August 1, 2018

Leonard Pozner and Veronique De La Rosa, whose 6-year-old son Noah Pozner was one of 19 first-graders murdered in the 2012 shooting at Sandy Hook Elementary School in Connecticut, are suing Alex Jones for defamation Wednesday in a courtroom in Austin. They won't be in court, partly due to safety concerns — the couple says they've been forced to move seven times since 2012 because devotees of Jones' Infowars media empire have tracked them down and published their address after every move. Infowars has repeatedly pushed the false conspiracy theory that Sandy Hook was a hoax perpetrated by gun control advocates and De La Rosa is a "crisis actor" in on the plot.

Jones wants the defamation case, and a separate one scheduled to start Thursday in the same Austin courthouse, "dismissed under the Texas Citizens Participation Act, which protects citizens' right to free speech against plaintiffs who aim to silence them through costly litigation," The New York Times reports. "Jones is seeking more than $100,000 in court costs from the Pozner family." The second defamation case was brought by Marcel Fontaine, who Infowars falsely identified as the gunman in February's mass school shooting in Parkland, Florida. Nine Sandy Hook families have filed a third suit against Jones in Connecticut.

In court filings, Pozner recounts that after he successfully got YouTube to pull an Infowar video in 2015, "Mr. Jones went on an angry rant about me for nearly an hour" then "showed his audience my personal information and maps to addresses associated with my family." In 2016, an Infowars fan was arrested for repeatedly threatening to kill Pozner. Jones' lawyer argues that Jones' conspiracy theories are constitutionally protected opinions and that Pozner and De La Rosa are public figures because they publicly advocate against spreading lies online and for banning assault rifles. If the judge agrees they are public figures, Pozner and De La Rosa will have to prove actual malice, a higher bar. Peter Weber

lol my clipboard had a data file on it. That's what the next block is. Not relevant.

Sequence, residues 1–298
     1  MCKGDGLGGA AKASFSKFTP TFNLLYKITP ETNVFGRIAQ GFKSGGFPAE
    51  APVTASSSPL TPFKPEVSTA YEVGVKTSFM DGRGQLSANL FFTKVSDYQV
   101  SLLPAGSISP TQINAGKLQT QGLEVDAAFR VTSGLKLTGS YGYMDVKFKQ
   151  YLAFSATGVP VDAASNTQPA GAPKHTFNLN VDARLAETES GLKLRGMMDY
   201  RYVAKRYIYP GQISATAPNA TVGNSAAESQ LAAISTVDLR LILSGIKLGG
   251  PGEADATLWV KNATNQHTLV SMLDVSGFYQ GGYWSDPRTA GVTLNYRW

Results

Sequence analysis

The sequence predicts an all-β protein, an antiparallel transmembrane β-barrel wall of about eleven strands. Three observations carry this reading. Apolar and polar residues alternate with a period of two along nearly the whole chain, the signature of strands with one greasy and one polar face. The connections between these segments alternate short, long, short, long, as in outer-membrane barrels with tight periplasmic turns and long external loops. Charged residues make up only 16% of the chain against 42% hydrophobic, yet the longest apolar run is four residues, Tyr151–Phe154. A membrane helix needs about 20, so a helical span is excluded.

9:37 p.m.

Masoumeh Ebtekar, Iran's vice president for women and family affairs, is the latest Iranian government official to contract coronavirus.

At least seven officials in the country have tested positive for the coronavirus, COVID-19. Ebtekar is the highest-ranking woman in Iran's government, and is now quarantined at home, her deputy announced on Thursday. She was photographed on Wednesday during a cabinet meeting, sitting just a few yards away from President Hassan Rouhani.

The other infected officials are Iraj Harirchim, deputy health minister; Mojtaba Zolnour, a Parliament member from Qom and head of Parliament's national security and foreign policy committee; Mahmoud Sadeghi, a member of Parliament from Tehran; Morteza Rahmanzadeh, the mayor of a Tehran district; Dr. Mohamad Reza Ghadir, head of coronavirus management in Qom; and Hadi Khosroshahi, a major cleric and former ambassador to the Vatican. Iran's official media has reported that Khosroshahi, 81, has died.

The first case of coronavirus in Iran was reported on Feb. 19 in Qom. Health Ministry officials on Thursday said there are 245 confirmed cases in the country, and at least 26 people have died from the virus. Health experts estimate there are many more COVID-19 cases in Iran, because the death rate is so high. Friday prayers have been canceled in Tehran and 22 other cities, and all schools and universities are closed until March 21. Catherine Garcia